Measuring the true cost of food

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Second in a series of seven posts on briefs by the Think20 (T20) task force on Sustainable Energy, Food, and Water Systems. T20 is a G20 engagement group that connects and collaborates with think tanks around the world to provide ideas and recommendations. The task force is one of 10 advising this year’s Saudi Arabia G20 Presidency. Read the first post here.

What do we mean by the “true cost” of food? When people think of food prices, they typically think about the price paid by consumers at the time of purchase (the “private cost”). However, this price may not include all of the costs to society. These “social costs” also encompass environmental and public health impacts stemming from practices and features of global and local food systems—including air and water pollution, overdrawn aquifers, antibiotic resistance, and diet-related diseases like diabetes. While consumers don’t pay these costs upfront, the costs are borne by society in other ways: For example, reduced harvests as a result of land erosion or soil degradation.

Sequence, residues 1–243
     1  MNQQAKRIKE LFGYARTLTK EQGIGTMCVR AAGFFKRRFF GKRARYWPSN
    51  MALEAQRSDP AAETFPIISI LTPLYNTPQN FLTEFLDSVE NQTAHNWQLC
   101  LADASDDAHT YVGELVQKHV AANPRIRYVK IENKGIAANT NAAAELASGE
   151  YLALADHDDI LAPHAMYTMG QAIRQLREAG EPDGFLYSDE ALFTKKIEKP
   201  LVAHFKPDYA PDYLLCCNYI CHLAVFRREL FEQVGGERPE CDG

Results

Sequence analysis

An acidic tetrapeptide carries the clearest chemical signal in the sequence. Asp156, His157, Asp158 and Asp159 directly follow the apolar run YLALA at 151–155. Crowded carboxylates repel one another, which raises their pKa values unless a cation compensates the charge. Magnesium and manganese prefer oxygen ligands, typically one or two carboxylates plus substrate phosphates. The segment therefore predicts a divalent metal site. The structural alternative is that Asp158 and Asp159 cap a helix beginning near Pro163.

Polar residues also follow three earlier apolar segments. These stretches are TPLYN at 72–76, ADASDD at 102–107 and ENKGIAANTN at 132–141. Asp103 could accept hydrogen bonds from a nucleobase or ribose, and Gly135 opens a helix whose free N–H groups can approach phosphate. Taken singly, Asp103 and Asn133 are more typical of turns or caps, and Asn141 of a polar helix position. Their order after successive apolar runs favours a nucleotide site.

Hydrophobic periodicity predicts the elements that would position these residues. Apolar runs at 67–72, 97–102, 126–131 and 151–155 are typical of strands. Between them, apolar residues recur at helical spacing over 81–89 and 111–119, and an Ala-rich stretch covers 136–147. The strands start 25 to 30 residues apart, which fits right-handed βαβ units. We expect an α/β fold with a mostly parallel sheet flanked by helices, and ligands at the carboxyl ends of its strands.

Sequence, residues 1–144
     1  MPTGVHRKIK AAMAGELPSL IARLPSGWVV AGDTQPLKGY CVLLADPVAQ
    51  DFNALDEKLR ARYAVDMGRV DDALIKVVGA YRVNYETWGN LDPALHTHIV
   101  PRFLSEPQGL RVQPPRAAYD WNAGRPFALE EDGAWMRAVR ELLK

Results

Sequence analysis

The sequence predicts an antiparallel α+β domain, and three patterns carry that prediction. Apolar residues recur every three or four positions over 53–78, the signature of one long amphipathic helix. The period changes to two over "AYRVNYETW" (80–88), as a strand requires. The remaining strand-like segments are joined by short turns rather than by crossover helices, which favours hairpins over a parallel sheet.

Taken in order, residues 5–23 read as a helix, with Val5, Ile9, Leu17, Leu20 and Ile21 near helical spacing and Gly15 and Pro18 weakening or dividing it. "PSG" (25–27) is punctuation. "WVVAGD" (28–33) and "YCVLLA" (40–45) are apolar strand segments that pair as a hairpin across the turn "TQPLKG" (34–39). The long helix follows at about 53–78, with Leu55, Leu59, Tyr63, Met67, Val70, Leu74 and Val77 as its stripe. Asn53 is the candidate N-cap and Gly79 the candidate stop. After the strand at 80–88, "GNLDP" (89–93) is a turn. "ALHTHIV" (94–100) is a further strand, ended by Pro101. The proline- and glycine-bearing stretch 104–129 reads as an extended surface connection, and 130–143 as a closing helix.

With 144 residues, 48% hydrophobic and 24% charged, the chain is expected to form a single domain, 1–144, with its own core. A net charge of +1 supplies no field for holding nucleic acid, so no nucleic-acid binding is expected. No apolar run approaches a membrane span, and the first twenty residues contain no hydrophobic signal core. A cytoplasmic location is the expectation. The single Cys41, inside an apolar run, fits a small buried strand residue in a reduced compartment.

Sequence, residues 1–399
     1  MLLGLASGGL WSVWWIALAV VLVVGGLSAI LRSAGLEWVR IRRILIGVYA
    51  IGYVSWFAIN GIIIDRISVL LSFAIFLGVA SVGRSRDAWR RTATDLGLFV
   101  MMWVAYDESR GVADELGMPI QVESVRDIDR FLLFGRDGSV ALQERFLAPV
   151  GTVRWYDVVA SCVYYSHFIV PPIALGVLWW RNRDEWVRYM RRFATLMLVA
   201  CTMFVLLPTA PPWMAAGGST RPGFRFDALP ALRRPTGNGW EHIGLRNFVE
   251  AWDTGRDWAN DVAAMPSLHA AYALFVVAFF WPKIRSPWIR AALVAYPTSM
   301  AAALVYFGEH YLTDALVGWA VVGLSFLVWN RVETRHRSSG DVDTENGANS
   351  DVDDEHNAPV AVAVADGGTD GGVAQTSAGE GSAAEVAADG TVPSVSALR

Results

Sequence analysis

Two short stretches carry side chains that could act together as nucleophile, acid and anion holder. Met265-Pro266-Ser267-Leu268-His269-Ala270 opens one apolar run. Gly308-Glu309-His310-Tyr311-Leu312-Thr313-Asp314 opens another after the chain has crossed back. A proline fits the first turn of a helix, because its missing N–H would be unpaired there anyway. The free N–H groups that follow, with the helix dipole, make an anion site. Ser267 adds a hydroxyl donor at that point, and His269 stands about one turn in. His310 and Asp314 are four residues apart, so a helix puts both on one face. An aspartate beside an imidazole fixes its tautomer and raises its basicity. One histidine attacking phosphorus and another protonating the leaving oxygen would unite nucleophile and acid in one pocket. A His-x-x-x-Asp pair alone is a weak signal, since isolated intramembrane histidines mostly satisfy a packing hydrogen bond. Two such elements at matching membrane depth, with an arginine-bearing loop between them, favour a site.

Policy can shape which social costs emerge and their significance by influencing four food system drivers: How much we produce, what we produce, how we produce, and where we produce. Some of these factors cross borders, thus affecting international public goods. When they do, they become international social costs that require international policy to be appropriately addressed.

Photo credit: Marco Longari/FAO

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